With a new starting shortstop and cleanup hitter in Peter, the team goes on an epic winning streak, even defeating the hated Oscorp Aussies, who, as far as I know, have no relation to Peter Moylan. 

After the game, Norman Osborn (whose evil alter ego is The Green Goblin), expands on his hatred of Bud Selig’s greatest success. 

With Peter installed at shortstop, even drawing attention from super agent “Scott Borax,” Flash Thompson grows even angrier, certain that Peter is using performance enhancing drugs. It makes sense, I mean, it’s like if Eric Sogard all of a sudden became a Major League Baseball player. Oh…wait. 

Soon, with the Oscorp Aussies set to play the Peter Parker Nine, Norman Osborn completely loses his mind, reverting back to his Green Goblin alter ego. The two battle it out in the subway, with the Green Goblin hurling every baseball-related phrase that he can.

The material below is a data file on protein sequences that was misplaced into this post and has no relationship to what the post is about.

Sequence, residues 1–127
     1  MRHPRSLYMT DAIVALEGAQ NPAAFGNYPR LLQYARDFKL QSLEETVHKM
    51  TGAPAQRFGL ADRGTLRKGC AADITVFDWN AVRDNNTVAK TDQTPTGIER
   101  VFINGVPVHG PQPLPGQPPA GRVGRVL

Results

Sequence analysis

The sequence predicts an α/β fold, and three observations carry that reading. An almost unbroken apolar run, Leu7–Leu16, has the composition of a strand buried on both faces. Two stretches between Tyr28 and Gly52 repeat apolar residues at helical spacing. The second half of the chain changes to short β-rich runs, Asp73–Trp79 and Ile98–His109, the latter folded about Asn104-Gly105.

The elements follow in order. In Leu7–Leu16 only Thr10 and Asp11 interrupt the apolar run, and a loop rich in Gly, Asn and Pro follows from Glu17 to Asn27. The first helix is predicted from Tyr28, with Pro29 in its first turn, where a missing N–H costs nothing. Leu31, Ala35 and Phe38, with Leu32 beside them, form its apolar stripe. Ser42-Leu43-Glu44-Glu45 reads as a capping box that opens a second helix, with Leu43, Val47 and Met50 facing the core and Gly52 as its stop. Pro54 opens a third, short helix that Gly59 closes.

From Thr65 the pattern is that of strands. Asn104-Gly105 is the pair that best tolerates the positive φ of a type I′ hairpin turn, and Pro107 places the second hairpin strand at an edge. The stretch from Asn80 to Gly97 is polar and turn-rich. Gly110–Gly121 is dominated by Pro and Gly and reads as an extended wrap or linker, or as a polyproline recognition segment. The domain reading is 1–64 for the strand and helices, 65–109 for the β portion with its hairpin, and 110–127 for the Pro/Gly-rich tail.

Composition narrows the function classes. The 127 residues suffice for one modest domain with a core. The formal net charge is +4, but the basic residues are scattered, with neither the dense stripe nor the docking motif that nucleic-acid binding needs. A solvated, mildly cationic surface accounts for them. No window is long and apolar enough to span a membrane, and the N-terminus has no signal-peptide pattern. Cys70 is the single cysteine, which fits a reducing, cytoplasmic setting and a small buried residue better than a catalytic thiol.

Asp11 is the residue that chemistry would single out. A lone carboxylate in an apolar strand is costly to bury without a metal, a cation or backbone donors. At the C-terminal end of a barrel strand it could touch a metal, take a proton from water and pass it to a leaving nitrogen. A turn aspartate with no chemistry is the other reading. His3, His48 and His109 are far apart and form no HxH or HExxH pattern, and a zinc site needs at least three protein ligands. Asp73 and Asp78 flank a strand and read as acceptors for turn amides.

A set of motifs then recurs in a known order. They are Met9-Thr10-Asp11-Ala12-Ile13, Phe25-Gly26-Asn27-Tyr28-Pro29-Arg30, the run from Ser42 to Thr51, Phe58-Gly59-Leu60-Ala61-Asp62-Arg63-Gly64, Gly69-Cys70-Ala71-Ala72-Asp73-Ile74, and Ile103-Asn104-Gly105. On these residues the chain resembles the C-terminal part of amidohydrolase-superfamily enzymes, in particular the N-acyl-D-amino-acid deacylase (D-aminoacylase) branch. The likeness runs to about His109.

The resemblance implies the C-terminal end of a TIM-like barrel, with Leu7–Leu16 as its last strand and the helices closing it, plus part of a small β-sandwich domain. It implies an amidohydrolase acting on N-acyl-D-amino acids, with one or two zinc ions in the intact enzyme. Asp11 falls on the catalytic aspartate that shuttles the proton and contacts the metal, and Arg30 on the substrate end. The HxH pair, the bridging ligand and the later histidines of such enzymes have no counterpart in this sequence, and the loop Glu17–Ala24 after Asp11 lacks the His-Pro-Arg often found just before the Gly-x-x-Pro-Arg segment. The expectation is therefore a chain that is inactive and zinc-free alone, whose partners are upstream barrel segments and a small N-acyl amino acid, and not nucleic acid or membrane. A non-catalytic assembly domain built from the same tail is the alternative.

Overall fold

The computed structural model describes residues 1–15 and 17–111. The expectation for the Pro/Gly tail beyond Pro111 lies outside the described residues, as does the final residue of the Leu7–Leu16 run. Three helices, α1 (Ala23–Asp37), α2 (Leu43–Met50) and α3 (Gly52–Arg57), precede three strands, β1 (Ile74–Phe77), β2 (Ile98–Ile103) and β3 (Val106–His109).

Phrases that were cut for space include: 

  • "Time to call the suicide squeeze."
  • "You’re a productive lout."  
  • “Geez, Spider-Man, your WXRL is really suffering.” 

But as with real life, the message comes down to this: the jocks are the real heroes. No, Spidey isn’t the one to finish off the Green Goblin, rather it’s a home run ball off the bat of Flash Thompson that hits the Goblin in the head, sending him off of his glider and crashing to the ground. 

At the end, we’re given the most valuable of lessons: 

1. 

and 2: 

You know, Flash Thompson should really consider a career with the BBWAA. Those guys really hate steroids. 

With Spider-Man’s next sequel already in the works, we can only hope the filmmakers decide to fully embrace Spidey’s rich connection with the game of baseball. And if not, we can certainly form some kind of boycott cabal and let Sony know our wrath. 

Final note, if you’re looking for more Spider-Man at Shea, why not check out the time he got married at the stadium with the whole thing officiated by Stan Lee. For realsies.